Bash my plugins lol... and this song

Bash my plugins lol... and this song
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#1

$1000 for 3 plugins is enough to even make me think twice on buying them. I’ve spend many times that on plugins, but never for only 3 of them. I started playing around with the combination of the Kush Clariphonic, Empirical Labs Distressor (Arouser), and the LiquidSonics Seventh Heaven. My ears love them, but my wallet doesn’t :frowning: You can buy waves plugins for $30-40 on sale. You can buy an amazing Valhalla reverb for $50. Or you can buy 10 UAD plugins for that same $1000.

A while ago, took an old track that was sitting around and used only CLA Waves stuff to do the heavy lifting.

Here’s the track I posted on the other thread with the limiter removed.

With Only CLA plugs… (There are 2 more at the bottom of this thread)

So here’s what I changed today:

First I removed the CLA plugs.

I threw the Distressor on the Djembe drums and I really like what it did. I’ve spent hours today demoing the distressor against all kinds of 1176’s, the Pro-C, the Tubetech CL1B, Klanghelm, and a lot of other stuff that creates warmth through smashing and grinding yet stays clear. I can’t say the Distressor is better, but I can say I can’t get anything else do to what it does. It really really really excels at everything. Its great for drawing out long ringy sustainy kick and tom hits, but you have more control than with an 1176. But it can turn around and give a clear open transparent shimmer to a voice or a group of background vocals. So it can be as powerful as the 1176, as clear as an API 2500, as smooth as a Fairchild (well not really, I should say smooth LIKE a Fairchild), but more flexible than all 3. And the variable side chain filter on the plugin in amazing. As you all know, the one on the hardware version is fixed at 5k.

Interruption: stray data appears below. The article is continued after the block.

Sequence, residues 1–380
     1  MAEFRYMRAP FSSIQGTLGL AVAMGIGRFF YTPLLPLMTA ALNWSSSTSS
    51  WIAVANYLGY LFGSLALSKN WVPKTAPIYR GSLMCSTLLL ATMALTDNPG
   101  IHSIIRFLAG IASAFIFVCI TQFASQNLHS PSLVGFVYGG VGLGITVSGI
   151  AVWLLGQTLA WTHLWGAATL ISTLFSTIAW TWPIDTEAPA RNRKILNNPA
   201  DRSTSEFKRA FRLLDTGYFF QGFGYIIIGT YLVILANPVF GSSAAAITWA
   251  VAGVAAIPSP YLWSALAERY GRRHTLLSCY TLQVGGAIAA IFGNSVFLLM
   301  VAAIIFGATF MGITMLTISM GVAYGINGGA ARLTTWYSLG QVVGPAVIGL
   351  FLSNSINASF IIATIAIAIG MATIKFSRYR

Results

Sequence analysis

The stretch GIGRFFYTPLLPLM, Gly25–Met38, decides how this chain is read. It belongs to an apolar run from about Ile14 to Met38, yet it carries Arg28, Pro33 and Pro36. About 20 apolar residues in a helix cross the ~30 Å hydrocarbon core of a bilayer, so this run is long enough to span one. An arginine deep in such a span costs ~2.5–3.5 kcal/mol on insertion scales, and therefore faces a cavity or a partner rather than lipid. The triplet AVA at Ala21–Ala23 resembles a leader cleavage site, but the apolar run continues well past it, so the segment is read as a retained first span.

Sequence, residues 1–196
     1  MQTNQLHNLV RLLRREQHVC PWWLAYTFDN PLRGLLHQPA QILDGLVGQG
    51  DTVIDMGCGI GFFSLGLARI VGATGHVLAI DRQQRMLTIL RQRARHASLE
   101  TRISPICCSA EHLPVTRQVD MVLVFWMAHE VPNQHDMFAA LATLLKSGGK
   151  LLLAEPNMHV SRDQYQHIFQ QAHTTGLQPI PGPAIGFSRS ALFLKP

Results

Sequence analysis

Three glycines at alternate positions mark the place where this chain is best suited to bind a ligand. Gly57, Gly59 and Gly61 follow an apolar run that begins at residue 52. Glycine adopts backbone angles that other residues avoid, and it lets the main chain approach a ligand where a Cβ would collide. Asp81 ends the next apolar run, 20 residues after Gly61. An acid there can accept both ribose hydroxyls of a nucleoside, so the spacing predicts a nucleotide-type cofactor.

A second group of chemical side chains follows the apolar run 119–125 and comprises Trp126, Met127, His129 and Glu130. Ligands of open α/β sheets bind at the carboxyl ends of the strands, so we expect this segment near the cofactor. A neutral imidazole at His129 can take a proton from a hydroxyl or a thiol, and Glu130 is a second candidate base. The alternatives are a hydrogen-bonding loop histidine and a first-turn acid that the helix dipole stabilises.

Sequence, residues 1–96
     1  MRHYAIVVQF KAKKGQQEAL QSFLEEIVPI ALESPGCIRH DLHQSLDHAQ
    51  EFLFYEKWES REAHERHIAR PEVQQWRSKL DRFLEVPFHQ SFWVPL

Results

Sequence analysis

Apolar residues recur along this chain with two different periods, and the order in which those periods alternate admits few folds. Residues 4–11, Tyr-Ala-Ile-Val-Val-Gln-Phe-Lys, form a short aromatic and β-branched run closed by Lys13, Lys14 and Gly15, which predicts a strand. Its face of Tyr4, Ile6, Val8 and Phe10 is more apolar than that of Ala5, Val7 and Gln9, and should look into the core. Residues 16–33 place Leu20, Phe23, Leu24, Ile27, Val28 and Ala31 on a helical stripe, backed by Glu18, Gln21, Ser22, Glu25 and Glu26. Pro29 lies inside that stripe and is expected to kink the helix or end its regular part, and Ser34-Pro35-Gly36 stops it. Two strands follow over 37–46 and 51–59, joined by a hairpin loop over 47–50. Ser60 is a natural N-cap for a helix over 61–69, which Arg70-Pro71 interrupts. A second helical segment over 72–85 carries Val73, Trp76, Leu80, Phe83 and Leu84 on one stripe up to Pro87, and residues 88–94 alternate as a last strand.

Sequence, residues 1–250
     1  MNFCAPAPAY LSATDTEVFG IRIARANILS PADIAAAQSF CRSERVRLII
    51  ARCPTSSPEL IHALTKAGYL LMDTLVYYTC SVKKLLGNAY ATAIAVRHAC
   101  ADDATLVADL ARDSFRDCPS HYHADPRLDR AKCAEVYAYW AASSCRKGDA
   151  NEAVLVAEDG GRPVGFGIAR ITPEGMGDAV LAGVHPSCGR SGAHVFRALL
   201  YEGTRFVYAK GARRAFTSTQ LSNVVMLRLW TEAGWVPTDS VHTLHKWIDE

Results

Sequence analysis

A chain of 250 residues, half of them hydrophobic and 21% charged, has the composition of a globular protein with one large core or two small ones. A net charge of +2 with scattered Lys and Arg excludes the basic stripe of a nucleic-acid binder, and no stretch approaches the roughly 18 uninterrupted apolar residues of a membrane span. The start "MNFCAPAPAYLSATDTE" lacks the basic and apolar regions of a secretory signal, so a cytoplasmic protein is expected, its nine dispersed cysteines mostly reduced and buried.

I used the Kush Clariphonic on a choir and piano bus Monday, and it was lovely. Today I dumped it on this Ukulele and I like what it did. The chain there is

Ukelele:
La-2a with 10-12db of GR to hold it in place
Clariphonic to add clarity and top end
Neve 1073 for saturation and high shelf with subtle boost at 1.6 and 100
Seventh Heaven room reverb 80% dry